Doctor Cecil Moss, who recently celebrated his 90th birthday, is now the oldest living Springbok rugby player. We pay tribute to “Doc Moss”.
If you seek to understand what makes Cecil Moss the UCT, W.P and Springbok rugby player a man who epitomizes the combination of a rugby player, professional medical luminary, rugby coach, and a fine example to all as a man in the amateur era of rugby; get hold of his book by hook or by crook. My copy occupies a special place on my bookshelf.
One of the very fine players and men Cecil nurtured, mentored and developed to his full potential is Ian McCallum, UCT, W.P, and Springbok fullback. Ian, a man of deep understanding of what makes men tick, when asked by your scribe to encapsulate the core of what made Cecil Moss an exceptional rugby coach, pondered briefly and said; ‘I can say it in one sentence: Cecil was a superb man manager, a mentor, a guide, a friend. He could lift you up when you had a poor game, and he could bring you gently down to earth when you floated too high in the rugby clouds’ O.K, that is two sentences. Cecil deserves all the praise and acclaim many would express if I had asked them.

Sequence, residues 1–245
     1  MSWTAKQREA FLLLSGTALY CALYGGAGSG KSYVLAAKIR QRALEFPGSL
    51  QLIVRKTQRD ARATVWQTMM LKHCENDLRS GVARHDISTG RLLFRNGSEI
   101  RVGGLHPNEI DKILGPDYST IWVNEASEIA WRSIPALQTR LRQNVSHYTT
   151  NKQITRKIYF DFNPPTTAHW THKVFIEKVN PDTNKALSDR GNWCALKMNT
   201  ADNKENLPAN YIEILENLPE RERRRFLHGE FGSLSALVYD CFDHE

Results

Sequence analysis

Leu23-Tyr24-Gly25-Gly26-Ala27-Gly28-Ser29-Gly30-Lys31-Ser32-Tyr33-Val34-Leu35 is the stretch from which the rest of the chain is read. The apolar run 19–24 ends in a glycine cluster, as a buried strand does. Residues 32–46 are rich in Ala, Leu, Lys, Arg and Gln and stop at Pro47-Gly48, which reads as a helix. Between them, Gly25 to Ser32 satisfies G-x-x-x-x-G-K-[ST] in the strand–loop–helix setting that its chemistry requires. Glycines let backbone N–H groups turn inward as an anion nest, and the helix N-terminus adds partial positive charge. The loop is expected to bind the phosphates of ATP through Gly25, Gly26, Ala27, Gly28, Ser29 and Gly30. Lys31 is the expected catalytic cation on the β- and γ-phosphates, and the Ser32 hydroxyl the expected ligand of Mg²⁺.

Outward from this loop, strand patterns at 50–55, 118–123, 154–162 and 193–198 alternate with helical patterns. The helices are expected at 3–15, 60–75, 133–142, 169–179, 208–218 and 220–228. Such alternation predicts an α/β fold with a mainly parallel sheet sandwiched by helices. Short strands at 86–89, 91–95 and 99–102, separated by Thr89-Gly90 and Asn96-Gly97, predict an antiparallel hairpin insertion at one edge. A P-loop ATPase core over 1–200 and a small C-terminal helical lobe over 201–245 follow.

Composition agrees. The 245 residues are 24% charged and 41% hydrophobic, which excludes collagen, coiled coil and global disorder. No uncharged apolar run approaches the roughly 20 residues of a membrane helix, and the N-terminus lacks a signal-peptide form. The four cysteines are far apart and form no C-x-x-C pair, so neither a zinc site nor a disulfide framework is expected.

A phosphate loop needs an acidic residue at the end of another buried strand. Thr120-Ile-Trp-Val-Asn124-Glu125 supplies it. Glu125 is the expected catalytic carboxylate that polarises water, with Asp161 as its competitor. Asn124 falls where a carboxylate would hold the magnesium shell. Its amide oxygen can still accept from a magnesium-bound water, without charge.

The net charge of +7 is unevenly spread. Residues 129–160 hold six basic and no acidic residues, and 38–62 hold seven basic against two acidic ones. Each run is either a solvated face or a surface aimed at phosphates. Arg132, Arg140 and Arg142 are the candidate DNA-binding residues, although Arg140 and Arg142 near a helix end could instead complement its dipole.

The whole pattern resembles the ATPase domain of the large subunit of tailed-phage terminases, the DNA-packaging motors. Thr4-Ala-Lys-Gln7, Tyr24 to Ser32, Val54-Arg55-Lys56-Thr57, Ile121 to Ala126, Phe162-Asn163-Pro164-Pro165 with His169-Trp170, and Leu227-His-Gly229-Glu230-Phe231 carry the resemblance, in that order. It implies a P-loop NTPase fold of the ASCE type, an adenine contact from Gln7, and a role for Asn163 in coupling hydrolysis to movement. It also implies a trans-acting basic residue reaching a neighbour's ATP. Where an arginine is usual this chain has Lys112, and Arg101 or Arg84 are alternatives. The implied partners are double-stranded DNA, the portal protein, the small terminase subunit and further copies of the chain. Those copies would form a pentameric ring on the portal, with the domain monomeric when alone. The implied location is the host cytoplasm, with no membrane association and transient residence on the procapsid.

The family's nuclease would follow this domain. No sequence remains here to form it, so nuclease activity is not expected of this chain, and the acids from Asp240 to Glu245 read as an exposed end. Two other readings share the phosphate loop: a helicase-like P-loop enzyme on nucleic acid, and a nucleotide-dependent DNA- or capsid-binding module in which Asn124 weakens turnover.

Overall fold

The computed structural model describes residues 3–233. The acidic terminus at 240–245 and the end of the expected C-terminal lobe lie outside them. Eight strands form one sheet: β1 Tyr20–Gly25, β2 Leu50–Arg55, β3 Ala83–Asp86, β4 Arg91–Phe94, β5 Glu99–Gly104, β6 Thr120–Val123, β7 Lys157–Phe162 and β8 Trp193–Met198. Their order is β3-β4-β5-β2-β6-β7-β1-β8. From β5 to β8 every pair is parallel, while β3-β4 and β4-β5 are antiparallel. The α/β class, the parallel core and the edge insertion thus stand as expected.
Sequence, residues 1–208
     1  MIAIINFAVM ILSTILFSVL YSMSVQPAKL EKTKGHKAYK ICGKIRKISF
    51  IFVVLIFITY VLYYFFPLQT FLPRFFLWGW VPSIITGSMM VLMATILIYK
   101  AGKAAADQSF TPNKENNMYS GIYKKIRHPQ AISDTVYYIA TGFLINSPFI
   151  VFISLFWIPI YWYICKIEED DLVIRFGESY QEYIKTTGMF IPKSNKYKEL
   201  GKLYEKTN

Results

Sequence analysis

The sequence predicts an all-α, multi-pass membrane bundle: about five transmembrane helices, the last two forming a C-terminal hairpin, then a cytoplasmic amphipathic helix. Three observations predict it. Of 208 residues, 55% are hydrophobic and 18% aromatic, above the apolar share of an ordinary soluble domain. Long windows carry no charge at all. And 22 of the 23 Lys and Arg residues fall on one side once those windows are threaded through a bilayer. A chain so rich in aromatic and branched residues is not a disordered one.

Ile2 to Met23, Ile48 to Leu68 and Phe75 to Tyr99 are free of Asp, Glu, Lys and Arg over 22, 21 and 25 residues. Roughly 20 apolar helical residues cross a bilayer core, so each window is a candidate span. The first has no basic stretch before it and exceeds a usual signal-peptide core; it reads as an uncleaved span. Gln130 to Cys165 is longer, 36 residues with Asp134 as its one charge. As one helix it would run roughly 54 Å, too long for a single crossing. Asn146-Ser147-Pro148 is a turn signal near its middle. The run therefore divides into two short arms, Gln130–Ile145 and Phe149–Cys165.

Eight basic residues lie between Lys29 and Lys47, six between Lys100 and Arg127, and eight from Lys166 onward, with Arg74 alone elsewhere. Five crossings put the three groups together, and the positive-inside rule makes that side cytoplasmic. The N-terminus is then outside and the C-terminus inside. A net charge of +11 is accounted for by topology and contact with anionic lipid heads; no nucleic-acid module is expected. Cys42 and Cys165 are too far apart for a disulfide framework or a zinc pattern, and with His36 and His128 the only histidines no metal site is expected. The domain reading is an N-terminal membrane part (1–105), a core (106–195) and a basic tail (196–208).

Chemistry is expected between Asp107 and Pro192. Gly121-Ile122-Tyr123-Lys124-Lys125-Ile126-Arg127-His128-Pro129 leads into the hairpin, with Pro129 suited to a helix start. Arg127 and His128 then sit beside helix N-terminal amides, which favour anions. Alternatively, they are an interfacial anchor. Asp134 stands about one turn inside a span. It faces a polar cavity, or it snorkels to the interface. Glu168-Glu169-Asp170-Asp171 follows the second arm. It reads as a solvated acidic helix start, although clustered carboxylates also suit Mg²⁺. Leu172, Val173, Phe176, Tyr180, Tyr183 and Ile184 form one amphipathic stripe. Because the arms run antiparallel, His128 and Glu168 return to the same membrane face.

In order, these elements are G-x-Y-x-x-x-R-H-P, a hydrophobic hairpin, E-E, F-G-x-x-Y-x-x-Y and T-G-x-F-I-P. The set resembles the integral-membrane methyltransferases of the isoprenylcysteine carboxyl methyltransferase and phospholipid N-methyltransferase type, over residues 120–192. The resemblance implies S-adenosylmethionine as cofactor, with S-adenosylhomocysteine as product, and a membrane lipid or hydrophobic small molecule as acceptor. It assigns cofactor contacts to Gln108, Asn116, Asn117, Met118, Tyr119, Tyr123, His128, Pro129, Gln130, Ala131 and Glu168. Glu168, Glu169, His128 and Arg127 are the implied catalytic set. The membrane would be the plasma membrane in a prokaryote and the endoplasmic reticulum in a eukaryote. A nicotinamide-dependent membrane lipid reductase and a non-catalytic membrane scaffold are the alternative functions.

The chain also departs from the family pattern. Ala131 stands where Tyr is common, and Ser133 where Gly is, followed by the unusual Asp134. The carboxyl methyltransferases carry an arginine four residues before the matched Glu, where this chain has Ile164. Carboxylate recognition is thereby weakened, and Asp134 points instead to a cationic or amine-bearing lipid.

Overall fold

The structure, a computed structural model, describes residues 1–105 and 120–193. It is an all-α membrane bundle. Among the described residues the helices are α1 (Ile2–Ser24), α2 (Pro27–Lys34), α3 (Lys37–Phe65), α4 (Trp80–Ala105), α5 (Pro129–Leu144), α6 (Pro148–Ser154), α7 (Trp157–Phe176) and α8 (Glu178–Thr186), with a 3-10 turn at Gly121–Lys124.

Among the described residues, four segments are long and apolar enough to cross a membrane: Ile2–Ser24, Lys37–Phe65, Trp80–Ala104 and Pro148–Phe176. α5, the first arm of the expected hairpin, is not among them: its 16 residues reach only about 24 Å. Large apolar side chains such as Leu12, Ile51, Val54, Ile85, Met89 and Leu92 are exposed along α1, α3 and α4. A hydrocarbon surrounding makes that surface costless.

I was never coached by Cecil, so the man I have got to know is from the viewpoint of a somewhat battered ex lock and very proud UCT rugby man after his illustrious coaching career ended. UCT has had such fine men coaching them over the years that it is enough to say that I found my chats to Doc Moss at the Sports Science Centre, where he headed the older brigade in quiet, unobtrusive workouts, a reason to go to the Palace of Pain. Cecil’s knowledge of rugby is astonishing and his quiet, persuasive manner of imparting that knowledge, an object lesson to some of the modern, screaming and shouting hysterical poseurs, being paid a fortune for coaching by numbers. Cecil coached by careful thought, personal experience on the pitch and as Ian said, superb man management, was an exceptional coach as his record confirms. More importantly his legacy is the men he nurtured and mentored.
May your nineties be as fruitful as you deserve, Cecil, and we look forward to your century not out.